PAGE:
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Goodnight Robicheaux ([personal profile] killerangel) wrote2016-11-02 10:07 pm




AIM (optional): RadynAtarien


CHARACTER NAME: François “Goodnight” Robicheaux

DISPLAY NAME: Goodnight Robicheaux

CANON: The Magnificent Seven (2016)

CANON POINT: After his death near the end of the movie.

AGE: Early 50s

PHYSICAL DESCRIPTION: Old for his age, Goodnight Robicheaux is a gaunt and grey man with a troubled air about him that belies his smile lines and his easy manner. He’s of average height and frame, but looks lankier than he is through the grace of lean living and a long horse face; he looks as though he could stand to put on a few pounds, even though he’s not actually particularly skinny and carries a modest amount of muscle. His hair, once fair brown, has now gone almost entirely grey; he keeps it tidily slicked back and maintains a well-trimmed beard. His teeth, while not horrible for the 1890s, have the look of being jammed haphazardly into his mouth in a time before effective orthodontics. He has pensive blue eyes.

Goodie is a dapper dresser, favoring blue-greys and grey-blues, and generally maintains the look of a fading Southern gentleman fallen to hardscrabble Old Western living. His taste in accessories can run to the slightly gauche, slightly dandyish. He can almost always be found in a hat--though he takes it off indoors, his mama didn’t raise a savage!--and usually with his weapons on him, though he comes from a milieu where this is perfectly normal. His carriage is relaxed and confident, almost lazy, which is an illusion; he has a slightly hoarse tenor voice with a marked Southern accent.

HISTORY: François Robicheaux was born to minor Cajun wealth near New Orleans, Louisiana in the 1840s. He grew up immersed in bloody privilege, an intelligent but carefree and immature boy who did very little self-examination or, for that matter, examination of the world. He was lazy and unmotivated; he liked being liked and he liked coasting. His life was easy; even his early awareness of his homosexuality failed to put much of a crimp in his silver-spoon style. He spent much of his youth gadding about with his friends, flirting noncommittally with girls, and getting drunk and losing his family’s money. Then in his early twenties, the Civil War broke out, and François had the vague idea that he should join up. Join up, and make his family happy: join up, and find a reason to go away and seek adventure and procrastinate settling down. With his birth and his education, he quickly found himself a Confederate captain. His political opinions were indifferent and hazily formed; he had the notion that he would find glory and camaraderie.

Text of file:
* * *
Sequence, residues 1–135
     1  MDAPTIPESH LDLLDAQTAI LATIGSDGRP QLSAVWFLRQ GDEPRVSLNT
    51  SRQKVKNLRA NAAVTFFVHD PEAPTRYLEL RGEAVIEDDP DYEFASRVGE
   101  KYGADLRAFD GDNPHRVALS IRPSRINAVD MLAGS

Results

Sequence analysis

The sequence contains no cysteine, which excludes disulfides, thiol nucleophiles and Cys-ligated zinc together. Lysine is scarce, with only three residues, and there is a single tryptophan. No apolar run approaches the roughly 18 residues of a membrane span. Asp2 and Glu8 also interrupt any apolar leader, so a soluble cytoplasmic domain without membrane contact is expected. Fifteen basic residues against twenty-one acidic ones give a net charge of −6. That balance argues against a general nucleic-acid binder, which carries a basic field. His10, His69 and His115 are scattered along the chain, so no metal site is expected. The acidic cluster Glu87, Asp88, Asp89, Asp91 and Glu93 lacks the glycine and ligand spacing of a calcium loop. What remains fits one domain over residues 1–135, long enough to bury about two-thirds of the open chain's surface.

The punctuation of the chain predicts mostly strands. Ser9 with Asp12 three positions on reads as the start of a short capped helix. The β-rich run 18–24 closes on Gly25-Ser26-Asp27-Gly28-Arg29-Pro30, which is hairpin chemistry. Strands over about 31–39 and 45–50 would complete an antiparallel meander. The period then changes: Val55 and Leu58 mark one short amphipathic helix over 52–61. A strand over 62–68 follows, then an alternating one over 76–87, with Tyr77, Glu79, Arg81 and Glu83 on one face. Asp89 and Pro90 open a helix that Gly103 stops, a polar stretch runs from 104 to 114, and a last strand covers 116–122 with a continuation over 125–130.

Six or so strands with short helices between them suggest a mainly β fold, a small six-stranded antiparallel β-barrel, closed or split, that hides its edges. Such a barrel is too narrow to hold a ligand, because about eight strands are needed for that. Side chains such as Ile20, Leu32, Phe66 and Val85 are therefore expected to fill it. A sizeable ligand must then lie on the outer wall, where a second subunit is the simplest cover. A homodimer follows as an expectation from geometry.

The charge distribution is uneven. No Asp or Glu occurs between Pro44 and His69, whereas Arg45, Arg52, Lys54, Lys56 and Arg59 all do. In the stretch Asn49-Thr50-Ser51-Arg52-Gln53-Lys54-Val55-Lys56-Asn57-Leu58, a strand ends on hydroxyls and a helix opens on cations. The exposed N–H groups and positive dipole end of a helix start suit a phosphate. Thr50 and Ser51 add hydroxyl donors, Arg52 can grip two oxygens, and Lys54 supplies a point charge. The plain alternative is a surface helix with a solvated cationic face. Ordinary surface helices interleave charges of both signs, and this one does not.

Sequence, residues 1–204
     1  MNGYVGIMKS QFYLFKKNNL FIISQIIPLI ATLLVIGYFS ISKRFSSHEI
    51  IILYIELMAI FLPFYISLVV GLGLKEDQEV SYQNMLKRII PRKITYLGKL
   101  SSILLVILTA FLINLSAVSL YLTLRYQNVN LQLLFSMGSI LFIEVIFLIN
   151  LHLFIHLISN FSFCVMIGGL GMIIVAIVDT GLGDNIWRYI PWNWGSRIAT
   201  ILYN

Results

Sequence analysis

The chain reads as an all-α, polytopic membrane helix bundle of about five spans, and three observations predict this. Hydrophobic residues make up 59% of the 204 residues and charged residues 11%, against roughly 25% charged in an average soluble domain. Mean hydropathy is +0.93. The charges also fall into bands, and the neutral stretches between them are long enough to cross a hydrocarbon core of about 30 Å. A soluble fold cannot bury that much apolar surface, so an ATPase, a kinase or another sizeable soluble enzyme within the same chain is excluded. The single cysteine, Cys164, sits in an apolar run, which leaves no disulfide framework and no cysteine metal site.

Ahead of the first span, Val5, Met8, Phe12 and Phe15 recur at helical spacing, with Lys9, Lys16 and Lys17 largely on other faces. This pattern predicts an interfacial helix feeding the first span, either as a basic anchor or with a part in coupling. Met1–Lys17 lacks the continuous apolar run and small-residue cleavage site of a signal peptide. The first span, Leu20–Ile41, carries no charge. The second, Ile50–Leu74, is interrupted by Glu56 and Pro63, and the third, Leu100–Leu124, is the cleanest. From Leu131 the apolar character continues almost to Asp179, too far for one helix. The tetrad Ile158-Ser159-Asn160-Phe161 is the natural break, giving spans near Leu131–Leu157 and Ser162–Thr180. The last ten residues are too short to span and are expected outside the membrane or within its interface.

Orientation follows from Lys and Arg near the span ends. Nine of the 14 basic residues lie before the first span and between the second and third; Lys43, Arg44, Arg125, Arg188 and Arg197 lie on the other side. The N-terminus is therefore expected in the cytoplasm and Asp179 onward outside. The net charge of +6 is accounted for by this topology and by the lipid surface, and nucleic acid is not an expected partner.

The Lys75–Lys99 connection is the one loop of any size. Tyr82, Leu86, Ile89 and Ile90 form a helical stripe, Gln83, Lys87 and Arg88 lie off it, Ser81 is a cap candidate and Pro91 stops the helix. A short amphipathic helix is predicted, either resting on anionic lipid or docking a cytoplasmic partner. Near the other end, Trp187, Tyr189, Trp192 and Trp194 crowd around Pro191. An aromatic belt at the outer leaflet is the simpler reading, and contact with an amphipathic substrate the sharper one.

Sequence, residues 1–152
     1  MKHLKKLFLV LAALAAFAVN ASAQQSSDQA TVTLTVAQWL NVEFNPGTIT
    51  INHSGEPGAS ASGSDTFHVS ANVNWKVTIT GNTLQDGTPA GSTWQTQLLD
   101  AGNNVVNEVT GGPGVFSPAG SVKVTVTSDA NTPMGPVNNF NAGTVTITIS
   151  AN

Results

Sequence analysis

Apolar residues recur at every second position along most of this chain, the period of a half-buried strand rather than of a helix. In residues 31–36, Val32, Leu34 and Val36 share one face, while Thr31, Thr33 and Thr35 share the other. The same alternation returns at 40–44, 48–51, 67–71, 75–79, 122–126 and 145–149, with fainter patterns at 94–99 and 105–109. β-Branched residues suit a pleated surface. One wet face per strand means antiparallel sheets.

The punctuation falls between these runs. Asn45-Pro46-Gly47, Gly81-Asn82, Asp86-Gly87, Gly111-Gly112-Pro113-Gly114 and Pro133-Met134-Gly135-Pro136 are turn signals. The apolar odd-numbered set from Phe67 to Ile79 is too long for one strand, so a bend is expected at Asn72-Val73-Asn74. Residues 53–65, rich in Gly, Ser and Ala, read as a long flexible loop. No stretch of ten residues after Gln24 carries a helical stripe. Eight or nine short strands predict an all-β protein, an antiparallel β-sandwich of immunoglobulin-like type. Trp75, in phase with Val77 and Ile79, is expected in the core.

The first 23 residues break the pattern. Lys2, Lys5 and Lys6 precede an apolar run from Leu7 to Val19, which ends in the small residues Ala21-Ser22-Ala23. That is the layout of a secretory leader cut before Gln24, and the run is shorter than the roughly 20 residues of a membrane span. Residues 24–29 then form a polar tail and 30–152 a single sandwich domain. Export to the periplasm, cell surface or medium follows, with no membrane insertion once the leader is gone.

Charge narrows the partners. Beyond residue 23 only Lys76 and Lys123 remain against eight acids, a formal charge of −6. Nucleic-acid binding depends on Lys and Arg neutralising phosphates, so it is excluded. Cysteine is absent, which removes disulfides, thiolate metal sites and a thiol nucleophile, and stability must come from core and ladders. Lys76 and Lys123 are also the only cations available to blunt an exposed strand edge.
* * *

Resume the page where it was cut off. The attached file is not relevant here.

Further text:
That was not what he found. He found blood and death and brutal killing, perpetrated and experienced; he found complete disillusionment with the Confederate cause, which went from indifferent to repellent to him; and of course, he also found that he was a horrifically gifted sharpshooter. He killed a sizable number of Union soldiers before he was done, he also developed a horror of battle, an aversion to killing, and what modern doctors would recognize as a fairly horrendous case of post-traumatic stress disorder. The war changed him catastrophically--into a better person, probably, as well as a miserable one--and he walked away from it with the nickname Goodnight Robicheaux and no desire to go back to his old life. Haunted and wretchedly unhappy, he drifted through the western territories, half-suicidal and half terrified of death; he took up bounty hunting to make money.